US to Stop Deporting Some Young Immigrants

Posted June 15th, 2012 at 5:30 pm (UTC-5)
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U.S. President Barack Obama has eased enforcement of immigration laws for young illegal immigrants saying it is the “right thing to do.”

Speaking at the White House Friday, President Barack Obama said the U.S. government will stop deporting young immigrants who entered the country as children and who have since lived within the law. The White House says the policy change will affect as many as 800,000 immigrants.

President Obama said it makes no sense to expel talented young people, who he said for all intents and purposes are Americans, simply because of the actions of their parents or because of the inaction of politicians.

“They are Americans in their heart and their minds; in every single way but one — on paper.”

President Obama said the move is not an amnesty and is not a permanent fix, adding that a permanent policy solution would have to come from Congress.

Republican presidential candidate Mitt Romney said the president's actions make reaching a long-term solution more difficult. Other Republicans challenged Mr. Obama's legal authority to impose his plan.

Mr. Obama spoke just hours after Homeland Security Secretary Janet Napolitano announced the policy change. Napolitano said young immigrants who do not present a risk to national security and meet other key criteria will be eligible to stay in the country and apply for work permits.

To be eligible for deferred action on deportation, immigrants must have been under the age of 16 when they came to the United States and have lived continuously in the country for at least five years. They cannot have a criminal history, must not be older than 30, and must also be currently in school, or a high school graduate or recipient of an equivalent degree, or a veteran of the U.S. military.

Those who meet the criteria can receive deferred action for two years, which can then be renewed.

The Homeland Security Department says the action further enhances its ability to focus on what it called “priority removals,” including immigrants convicted of crimes, violent criminals, felons and repeat immigration law offenders.

But Mark Krikorian, executive director of the Washington-based Center for Immigration Studies, which advocates tougher immigration policies, says the move amounts to enacting amnesty without the permission of Congress and is therefore, a violation of the Constitution.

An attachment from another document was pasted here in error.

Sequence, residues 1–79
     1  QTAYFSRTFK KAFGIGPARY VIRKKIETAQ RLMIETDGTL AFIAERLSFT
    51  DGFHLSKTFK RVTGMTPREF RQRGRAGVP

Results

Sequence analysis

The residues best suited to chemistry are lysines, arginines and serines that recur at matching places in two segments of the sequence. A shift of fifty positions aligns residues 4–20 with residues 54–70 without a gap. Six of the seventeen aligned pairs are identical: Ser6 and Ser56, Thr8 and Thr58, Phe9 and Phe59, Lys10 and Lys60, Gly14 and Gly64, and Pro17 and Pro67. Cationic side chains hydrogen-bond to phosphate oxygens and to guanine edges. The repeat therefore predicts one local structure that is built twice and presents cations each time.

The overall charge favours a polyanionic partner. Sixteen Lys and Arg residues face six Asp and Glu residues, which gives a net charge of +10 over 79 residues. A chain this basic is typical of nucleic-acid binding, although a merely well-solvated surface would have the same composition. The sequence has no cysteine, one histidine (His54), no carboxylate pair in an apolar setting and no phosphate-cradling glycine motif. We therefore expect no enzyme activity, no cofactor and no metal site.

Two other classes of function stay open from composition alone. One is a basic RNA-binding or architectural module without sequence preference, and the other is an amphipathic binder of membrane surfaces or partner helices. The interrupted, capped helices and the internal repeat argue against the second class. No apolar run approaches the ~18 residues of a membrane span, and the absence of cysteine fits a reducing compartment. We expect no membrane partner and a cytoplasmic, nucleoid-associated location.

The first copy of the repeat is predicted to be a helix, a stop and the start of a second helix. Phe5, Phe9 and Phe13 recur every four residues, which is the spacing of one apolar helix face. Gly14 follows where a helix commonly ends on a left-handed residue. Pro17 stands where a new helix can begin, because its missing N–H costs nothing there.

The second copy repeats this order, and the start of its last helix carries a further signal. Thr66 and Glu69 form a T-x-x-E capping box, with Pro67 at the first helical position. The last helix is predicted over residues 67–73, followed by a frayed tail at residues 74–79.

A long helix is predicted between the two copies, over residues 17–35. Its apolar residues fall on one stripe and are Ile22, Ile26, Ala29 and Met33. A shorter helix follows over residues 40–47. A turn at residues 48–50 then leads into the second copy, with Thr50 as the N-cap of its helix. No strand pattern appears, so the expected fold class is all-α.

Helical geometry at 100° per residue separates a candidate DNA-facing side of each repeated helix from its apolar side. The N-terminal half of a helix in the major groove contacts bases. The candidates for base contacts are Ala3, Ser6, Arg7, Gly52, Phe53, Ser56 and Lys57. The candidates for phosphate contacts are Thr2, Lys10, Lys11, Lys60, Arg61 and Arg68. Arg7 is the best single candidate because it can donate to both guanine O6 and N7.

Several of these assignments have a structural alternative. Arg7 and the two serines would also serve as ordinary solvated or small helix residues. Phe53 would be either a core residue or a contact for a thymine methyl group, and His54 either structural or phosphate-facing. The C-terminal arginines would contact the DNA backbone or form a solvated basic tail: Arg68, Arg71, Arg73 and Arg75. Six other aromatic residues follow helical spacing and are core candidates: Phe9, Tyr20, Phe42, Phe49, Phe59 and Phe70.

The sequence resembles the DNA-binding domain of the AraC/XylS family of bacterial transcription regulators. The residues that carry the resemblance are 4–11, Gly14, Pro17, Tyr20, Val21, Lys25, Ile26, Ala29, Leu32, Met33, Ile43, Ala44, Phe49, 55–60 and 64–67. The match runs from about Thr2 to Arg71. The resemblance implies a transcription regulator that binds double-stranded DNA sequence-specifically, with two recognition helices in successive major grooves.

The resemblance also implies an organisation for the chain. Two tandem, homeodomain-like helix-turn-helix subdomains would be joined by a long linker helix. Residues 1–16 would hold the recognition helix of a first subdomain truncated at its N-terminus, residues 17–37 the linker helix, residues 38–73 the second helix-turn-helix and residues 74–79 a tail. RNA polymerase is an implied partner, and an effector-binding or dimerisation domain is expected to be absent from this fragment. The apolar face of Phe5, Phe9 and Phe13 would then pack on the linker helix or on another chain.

“This is illegal. I mean, I don't think there's really any way around it. The Constitution sets out very a clear means for writing and changing the laws. This is not a matter of interpreting the laws. This is not a matter of using discretion about who will be deported and who won't be, this is creating new law, but without the input of the elected representatives of the people. There's no excuse for it.”

The policy change achieves some of the goals of the so-called DREAM Act — legislation the Obama administration has tried unsuccessfully to push through Congress that would give eligible illegal immigrants brought to the U.S. as children a pathway to citizenship.

Krikorian dismissed the announcement as an attempt to energize Hispanic voters as Mr. Obama battles for re-election.

“This is not a policy move, this is a political move. The Department of Homeland Security didn't decide this. This is from the Obama 2012 campaign, pure and simple. It's just a campaign move, and as long as they get through November, it doesn't really matter to them what the other implications will be.”

The decision comes a week before President Obama is set to address a gathering of the National Association of Latino Elected and Appointed Officials. Romney is also scheduled to address the group.

Public opinion polls show Mr. Obama holding the support of a majority of Hispanic voters, but his administration's aggressive deportation policies have generated some backlash.

OBAMA VIDEO SOUNDBITE Time Cues 10:19:05 – 10:29:03


Additional soundbites of Mark Krikorian available (in Dalet 5.1 House Shared Friday “CN US Immigration Krikorian ADDITIONAL bites”):

“This is a lawless act. I mean there's no way around it. Despite the administration's pious denials that this doesn't create any legal status and the rest of it, they are enacting amnesty without the permission of Congress. These people will be getting two-year renewable permits to live in the United States. They'll be able to apply for an employment authorization document. In other words, they can live and work legally in the United States. That's amnesty.”

“The DREAM act has been voted down by Congress several times, and so the administration is simply enacting that bill, in effect, on its own. Congress won't vote for it, so they're just doing it. Now the people benefiting from this are not immediately going to get green cards. There's no question that it's not exactly the same as the DREAM Act. But they're going to get two-year renewable legal status with the right to work. That's amnesty.”